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by Derek Loosvelt | March 30, 2015


Although former Kleiner Perkins junior partner Ellen Pao lost her gender-biased suit against her former employer, her case has shed new light on the dark side of Silicon Valley—that is, the misogynistic side.

The jury in Pao’s trial, which was closely followed in the Valley, ruled against Pao on all accounts. Which meant that the jury found that Kleiner Perkins didn’t discriminate against Pao because she was a woman, nor did they fire her because she filed a suit against them. Still, many details about the inner workings of the famed venture capital firm—well known for its tech investing; it was an early investor in Google, Amazon, and AOL, among others—surfaced during the trial and are expected to serve as a springboard to further the conversation about how poorly women are treated in the Valley.

Exhibit A, pointed out in a recent New York Times piece:

Documents in the case showed that one Kleiner partner, Chi-Hua Chien, arranged a ski trip for entrepreneurs from which women were excluded. When he was asked if a female entrepreneur from one of the companies Kleiner had invested in could come along, Mr. Chien responded in an email that because the trip involved shared accommodations, women probably wouldn’t feel comfortable. “Why don’t we punt on her and find 2 guys who are awesome,” he wrote. “We can add 4-8 women next year.” There was no ski trip the next year.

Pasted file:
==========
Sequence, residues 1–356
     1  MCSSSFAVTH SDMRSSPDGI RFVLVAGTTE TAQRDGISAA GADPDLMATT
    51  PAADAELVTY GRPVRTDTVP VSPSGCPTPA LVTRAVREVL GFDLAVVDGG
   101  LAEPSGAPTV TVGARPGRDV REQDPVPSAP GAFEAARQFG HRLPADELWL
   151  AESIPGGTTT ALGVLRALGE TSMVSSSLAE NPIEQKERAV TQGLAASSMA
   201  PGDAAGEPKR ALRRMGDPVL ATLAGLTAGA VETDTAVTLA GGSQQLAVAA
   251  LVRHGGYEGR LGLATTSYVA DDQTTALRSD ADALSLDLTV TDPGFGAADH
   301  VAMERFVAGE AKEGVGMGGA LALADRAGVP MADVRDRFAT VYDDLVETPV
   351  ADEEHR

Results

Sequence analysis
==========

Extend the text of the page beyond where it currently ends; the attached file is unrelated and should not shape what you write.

Exhibits B and C, also from the Times:

Or there was the time Ms. Pao and another female partner were made to sit at the back of the room and not at the conference table during a meeting. Or the plane ride in which, Ms. Pao asserted, her male colleagues discussed pornography stars and assessed the attractiveness of Marissa Mayer, the chief executive of Yahoo.

Exhibit D, from an article by Re/code:

To several women in the industry, the most salient note in Ms. Pao’s complaint was her claim that there was a narrow band of behavior she was expected to adhere to at Kleiner. She was criticized both for being too timid and for being too aggressive, for speaking up too much and for not speaking up enough … Worse, criticisms of her performance were vague and unspecific. In written evaluations by her peers and executives at Kleiner’s portfolio companies, Ms. Pao was often given high marks, but Kleiner partners testified that her failings were a more subtle failure of “chemistry.”

And Exhibit E, from, which pointed out the following after it was revealed during the trial that about 6 percent of Silicon Valley VC partners are women, down from 10 percent in 1999 (though, Kleiner Perkins’ partner ranks are made up of 20 percent women):

Women represent 5.6 percent of investment decision makers at all U.S. VC firms that have raised at least $100 million since 2009, according to Fortune Magazine and PitchBook. To put that in context, the executive ranks at Google are 21 percent female, and at Facebook they are 23 percent female. And on average, women comprise 11 percent of executives at Silicon Valley's top 150 companies, which is less than the average at the S&P 500, where they are 16 percent of executives.

As for numbers, if you were watching the Pao case closely and keeping score, you know that the verdict was a tight one. The 12-person jury initially voted 8-4 in favor of Kleiner Perkins. Which was not enough for a verdict—9 votes are necessary. But after an additional hour of deliberation, the jury did reach a 9-3 vote in favor of Kleiner.

As for Pao, who is now the interim CEO at Reddit, though she lost her suit, one of her post-verdict comments was hopeful: “If I’ve helped to level the playing field ... then the battle was worth it.”

Follow me @VaultFinance.

Read More:
Ellen Pao Disrupts How Silicon Valley Does Business (NYT)
The Real Precedent in the Ellen Pao Case Happened Out of Court (Re/code)
In light of Pao: Where are women at top VC funds? (CNBC)
Google Poaches Wall Street's Most Powerful Woman: 3 Takeaways
October 22 to Be First Annual 'Women in Tech Ask For a Raise Day'